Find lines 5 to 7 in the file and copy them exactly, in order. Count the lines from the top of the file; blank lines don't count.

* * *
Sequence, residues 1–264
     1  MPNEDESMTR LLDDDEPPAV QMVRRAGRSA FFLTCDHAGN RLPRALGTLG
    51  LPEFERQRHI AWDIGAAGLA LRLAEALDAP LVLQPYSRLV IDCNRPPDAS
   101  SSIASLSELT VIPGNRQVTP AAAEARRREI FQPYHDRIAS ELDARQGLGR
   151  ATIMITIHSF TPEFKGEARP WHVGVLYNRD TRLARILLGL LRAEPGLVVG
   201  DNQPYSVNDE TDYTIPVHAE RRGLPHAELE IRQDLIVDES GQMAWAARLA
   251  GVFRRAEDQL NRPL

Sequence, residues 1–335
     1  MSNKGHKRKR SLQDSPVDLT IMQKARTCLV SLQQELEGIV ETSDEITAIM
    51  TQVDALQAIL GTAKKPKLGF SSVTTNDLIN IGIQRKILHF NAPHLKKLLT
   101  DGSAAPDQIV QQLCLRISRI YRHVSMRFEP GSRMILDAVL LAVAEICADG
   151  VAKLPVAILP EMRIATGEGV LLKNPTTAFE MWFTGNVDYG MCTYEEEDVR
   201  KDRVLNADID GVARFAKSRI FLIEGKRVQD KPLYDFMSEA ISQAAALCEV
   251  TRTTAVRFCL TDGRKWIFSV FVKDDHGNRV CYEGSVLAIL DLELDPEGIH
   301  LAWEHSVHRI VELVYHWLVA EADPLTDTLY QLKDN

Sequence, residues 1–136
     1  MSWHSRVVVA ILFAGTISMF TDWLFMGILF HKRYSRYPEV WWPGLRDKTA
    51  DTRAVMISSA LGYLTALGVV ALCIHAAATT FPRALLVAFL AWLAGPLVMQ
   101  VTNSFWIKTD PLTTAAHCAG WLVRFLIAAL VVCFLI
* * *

   151  ATIMITIHSF TPEFKGEARP WHVGVLYNRD TRLARILLGL LRAEPGLVVG
   201  DNQPYSVNDE TDYTIPVHAE RRGLPHAELE IRQDLIVDES GQMAWAARLA
   251  GVFRRAEDQL NRPL